Research was conducted to evaluate the sensitivity of cover crops to a low rate of soil-applied herbicides and investigate the likelihood of herbicide carryover to fall-seeded cover crops following an irrigated corn crop. In the sensitivity study, herbicides were applied at a 1/16× rate (to simulate four half-lives) 1 d after cover crop planting, whereas for the carryover study residual herbicides were applied at a 2× rate at the maximum label corn height or growth stage and cover crops sown immediately after corn harvest. In the sensitivity experiment, atrazine, diuron, fluridone, fomesafen, metribuzin, pyrithiobac, and sulfentrazone reduced emergence of the leguminous cover crops Austrian winterpea, crimson clover, and hairy vetch. However, reduced biomass production of leguminous cover crops in the spring was only observed for atrazine, fluridone, and pyrithiobac. For rapeseed, atrazine, flumioxazin, fluridone, pyrithiobac, pyroxasulfone, sulfentrazone, and tembotrione reduced emergence, but biomass production was reduced only by atrazine and fluridone. Conversely, wheat, cereal rye, barley, oats, and triticale were not affected by soil-applied herbicides. Barley was the only cereal cover crop that showed biomass reduction due to the application of flumioxazin, fluridone, mesotrione, S-metalochlor, and sulfentrazone. In the carryover study, with the exception of crimson clover, Austrian winterpea, cereal rye, hairy vetch, rapeseed, and wheat showed no negative affect on biomass production following a 2× rate of postemergence-applied residual herbicide in corn.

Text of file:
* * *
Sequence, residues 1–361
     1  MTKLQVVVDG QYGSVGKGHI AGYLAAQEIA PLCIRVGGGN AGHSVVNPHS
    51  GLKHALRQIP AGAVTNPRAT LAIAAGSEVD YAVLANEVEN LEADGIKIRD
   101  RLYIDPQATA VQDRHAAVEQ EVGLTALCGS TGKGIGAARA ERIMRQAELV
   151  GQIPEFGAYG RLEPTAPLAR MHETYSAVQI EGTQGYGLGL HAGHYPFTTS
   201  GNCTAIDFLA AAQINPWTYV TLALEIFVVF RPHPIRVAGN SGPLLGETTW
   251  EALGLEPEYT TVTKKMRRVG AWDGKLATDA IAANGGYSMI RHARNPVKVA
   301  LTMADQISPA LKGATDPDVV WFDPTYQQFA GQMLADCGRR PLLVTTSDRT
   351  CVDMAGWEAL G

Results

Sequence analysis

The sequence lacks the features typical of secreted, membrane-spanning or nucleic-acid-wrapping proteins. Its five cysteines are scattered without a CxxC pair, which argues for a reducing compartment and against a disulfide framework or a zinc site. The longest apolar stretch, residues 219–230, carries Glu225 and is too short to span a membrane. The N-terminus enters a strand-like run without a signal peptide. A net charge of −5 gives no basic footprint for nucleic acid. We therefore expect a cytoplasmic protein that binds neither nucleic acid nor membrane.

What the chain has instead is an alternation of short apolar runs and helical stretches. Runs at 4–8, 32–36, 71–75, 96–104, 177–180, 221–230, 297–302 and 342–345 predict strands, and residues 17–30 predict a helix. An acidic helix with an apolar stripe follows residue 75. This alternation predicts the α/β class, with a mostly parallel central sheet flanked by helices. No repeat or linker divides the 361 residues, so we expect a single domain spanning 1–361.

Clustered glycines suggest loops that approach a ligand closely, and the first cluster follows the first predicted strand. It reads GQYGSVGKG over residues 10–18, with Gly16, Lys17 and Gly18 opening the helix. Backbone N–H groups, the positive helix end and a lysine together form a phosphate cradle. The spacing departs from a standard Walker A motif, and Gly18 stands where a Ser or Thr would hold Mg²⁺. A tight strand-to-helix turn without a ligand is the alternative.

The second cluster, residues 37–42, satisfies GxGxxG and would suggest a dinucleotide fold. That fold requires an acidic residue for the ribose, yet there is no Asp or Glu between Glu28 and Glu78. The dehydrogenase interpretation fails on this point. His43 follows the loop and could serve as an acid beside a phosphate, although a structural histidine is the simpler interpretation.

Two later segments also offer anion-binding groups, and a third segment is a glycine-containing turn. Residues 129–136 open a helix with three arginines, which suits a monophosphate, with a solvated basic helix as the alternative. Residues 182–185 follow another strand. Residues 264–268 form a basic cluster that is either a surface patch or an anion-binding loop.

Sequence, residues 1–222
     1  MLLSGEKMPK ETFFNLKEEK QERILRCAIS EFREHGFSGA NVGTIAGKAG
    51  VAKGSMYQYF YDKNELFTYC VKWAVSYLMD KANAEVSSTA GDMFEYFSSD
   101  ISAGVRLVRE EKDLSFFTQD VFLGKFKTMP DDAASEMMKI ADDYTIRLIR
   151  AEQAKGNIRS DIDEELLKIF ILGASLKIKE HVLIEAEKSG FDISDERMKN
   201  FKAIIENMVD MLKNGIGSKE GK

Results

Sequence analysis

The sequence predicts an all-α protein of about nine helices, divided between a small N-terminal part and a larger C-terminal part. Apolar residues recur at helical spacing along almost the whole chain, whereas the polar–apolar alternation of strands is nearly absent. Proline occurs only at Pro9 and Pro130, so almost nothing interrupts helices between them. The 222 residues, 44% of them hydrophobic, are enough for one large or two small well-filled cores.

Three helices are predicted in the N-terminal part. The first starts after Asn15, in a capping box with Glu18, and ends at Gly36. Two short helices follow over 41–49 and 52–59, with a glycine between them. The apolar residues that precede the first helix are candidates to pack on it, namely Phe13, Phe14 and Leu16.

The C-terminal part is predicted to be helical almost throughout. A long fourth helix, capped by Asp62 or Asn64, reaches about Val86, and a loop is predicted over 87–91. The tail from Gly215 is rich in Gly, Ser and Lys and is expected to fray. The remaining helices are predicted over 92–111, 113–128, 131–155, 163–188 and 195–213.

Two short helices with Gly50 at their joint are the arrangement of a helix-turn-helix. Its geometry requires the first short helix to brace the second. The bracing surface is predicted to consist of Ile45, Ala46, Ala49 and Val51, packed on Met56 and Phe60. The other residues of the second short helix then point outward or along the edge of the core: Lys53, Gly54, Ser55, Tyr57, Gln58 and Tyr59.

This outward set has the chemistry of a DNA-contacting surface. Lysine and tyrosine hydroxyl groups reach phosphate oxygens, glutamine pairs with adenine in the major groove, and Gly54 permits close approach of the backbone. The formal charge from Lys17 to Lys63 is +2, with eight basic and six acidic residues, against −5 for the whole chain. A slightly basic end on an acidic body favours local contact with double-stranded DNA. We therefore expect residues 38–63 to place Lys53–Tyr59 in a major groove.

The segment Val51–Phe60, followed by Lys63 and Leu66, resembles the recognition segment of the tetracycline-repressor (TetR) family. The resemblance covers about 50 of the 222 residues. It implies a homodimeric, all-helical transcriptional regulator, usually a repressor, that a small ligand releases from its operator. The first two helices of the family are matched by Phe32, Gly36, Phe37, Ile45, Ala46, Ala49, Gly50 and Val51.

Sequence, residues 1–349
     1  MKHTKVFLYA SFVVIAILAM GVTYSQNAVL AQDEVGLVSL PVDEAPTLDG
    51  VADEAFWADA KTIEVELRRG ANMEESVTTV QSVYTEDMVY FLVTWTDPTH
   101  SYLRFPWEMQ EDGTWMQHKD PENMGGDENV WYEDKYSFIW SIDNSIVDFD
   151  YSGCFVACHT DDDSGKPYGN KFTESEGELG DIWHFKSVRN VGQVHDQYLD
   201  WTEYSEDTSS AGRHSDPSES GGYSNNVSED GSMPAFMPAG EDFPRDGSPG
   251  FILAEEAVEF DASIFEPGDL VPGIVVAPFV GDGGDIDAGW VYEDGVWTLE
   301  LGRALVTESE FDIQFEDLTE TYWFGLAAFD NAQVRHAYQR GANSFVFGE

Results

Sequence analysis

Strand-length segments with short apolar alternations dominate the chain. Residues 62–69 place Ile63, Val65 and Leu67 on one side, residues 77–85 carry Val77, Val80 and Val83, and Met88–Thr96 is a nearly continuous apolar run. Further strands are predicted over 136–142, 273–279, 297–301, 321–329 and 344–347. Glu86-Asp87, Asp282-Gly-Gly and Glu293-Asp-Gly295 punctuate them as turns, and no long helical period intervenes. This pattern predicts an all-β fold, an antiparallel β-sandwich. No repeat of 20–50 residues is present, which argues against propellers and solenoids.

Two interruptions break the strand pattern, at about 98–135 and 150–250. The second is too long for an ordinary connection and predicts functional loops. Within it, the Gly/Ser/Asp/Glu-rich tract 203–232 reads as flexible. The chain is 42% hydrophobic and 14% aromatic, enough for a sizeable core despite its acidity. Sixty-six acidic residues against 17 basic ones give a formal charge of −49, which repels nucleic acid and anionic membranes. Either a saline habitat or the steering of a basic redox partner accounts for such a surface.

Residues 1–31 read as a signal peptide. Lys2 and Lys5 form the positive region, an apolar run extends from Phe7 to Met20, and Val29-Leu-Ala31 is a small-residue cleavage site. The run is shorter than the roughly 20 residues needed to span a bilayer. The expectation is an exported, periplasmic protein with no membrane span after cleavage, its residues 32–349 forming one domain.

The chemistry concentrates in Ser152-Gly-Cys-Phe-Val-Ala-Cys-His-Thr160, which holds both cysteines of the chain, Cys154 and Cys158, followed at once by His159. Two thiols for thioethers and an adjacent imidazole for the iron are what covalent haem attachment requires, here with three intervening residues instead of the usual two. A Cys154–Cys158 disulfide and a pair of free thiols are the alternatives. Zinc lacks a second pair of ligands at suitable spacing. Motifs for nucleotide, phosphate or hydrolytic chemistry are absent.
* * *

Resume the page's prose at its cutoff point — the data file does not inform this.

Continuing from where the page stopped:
Nomenclature: Atrazine; diuron; flumioxazin; fluridone; mesotrione; metribuzin; pyrithiobac; pyroxasulfone; S-metolachlor; sulfentrazone; tembotrione; Austrian winterpea, Lathryrus hirsutus L.; barley, Hordeum vulgare L.; cereal rye, Secale cereale L.; corn, Zea mays L.; crimson clover, Trifolium incarnatum L., hairy vetch, Vicia villosa Roth; oats, Avena sativa L.; rapeseed, Brassica napus L.; triticale, Triticale hexaploide Lart.; wheat, Triticum aestivum L.